Business owners are being challenged by a rapidly changing work environment due to the coronavirus pandemic. State officials are implementing policies that affect businesses, consumers, and employees daily.
Here’s a brief overview of businesses’ rights and responsibilities concerning employment issues and creating a safe workplace.
The Families First Coronavirus Response Act, which went into effect Apr. 1, requires companies under 500 employees to provide paid sick leave and expanded family and medical leave. This covers employees impacted by quarantine requirements, those caring for children whose school or daycare has been closed, or someone sick with COVID-19 or a similar condition. The amount of paid leave employees are eligible to receive depends on the reason for their absence.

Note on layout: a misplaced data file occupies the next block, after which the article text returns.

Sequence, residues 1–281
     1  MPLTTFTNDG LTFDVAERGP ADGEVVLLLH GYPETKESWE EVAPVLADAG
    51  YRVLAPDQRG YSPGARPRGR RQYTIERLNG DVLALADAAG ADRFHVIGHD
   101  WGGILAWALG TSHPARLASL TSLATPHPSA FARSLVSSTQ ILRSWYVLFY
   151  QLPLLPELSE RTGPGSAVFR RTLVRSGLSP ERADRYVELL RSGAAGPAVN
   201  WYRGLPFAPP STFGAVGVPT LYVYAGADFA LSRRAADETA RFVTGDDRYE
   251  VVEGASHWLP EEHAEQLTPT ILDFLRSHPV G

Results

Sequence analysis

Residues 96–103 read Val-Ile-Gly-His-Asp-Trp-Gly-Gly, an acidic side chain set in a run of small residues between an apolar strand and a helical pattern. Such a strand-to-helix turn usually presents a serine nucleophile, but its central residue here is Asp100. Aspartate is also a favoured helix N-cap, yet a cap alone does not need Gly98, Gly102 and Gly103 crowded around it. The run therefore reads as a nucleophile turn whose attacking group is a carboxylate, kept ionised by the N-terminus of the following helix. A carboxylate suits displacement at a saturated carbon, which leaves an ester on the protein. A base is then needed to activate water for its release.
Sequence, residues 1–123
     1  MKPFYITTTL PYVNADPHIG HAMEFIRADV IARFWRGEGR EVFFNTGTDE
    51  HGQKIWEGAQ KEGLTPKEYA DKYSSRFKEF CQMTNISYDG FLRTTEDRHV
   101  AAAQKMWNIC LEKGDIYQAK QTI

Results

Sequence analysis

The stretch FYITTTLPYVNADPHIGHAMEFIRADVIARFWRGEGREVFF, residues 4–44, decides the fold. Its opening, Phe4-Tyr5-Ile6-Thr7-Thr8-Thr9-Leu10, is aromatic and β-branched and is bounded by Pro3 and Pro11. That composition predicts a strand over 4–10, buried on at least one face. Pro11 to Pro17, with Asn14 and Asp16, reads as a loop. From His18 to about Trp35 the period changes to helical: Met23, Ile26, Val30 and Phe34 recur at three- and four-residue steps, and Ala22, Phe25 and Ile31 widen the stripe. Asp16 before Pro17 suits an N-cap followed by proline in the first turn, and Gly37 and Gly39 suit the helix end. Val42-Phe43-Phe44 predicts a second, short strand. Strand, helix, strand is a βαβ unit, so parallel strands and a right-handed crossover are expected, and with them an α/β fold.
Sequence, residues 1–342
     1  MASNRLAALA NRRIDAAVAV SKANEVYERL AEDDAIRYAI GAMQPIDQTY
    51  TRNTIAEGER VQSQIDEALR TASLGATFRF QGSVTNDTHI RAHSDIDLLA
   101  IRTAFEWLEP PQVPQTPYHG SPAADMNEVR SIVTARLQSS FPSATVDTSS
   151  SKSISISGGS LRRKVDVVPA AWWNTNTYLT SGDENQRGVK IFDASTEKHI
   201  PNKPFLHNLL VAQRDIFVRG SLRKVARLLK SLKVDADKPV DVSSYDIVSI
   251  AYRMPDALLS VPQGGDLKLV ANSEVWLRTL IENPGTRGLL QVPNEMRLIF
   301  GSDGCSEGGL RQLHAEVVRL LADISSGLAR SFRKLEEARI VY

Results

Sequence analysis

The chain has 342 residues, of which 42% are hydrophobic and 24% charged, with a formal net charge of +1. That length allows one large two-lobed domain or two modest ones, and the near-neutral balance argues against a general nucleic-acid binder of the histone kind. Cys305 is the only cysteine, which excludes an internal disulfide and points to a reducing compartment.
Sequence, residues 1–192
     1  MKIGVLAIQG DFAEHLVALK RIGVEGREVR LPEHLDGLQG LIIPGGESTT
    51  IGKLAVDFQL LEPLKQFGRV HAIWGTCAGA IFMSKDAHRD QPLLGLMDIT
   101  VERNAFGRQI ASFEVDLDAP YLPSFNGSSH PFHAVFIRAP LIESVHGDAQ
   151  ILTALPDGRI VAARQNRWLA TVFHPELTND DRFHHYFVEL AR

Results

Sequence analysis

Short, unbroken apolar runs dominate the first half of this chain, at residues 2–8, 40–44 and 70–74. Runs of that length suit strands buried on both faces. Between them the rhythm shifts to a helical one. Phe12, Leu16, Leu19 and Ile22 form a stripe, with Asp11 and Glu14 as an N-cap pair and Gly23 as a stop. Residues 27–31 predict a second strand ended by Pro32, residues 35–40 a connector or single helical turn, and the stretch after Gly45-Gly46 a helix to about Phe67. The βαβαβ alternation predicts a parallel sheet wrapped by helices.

Businesses with fewer than 50 employees can request a small business exemption, but the exact criteria for this exemption is forthcoming. Businesses with less than 500 employees will be fully reimbursed by the federal government within three months through tax credits. Self-employed people who are paid as independent contractors are also eligible for tax credits if they’re facing similar coronavirus-related circumstances. Again, the details of this program are still in progress.
Exempt, salaried employees generally must receive their full salary any week in which they perform any work, according to the Department of Labor. However, if an employer offers vacation benefits, the business can require employees to use their accrued leave on specific days.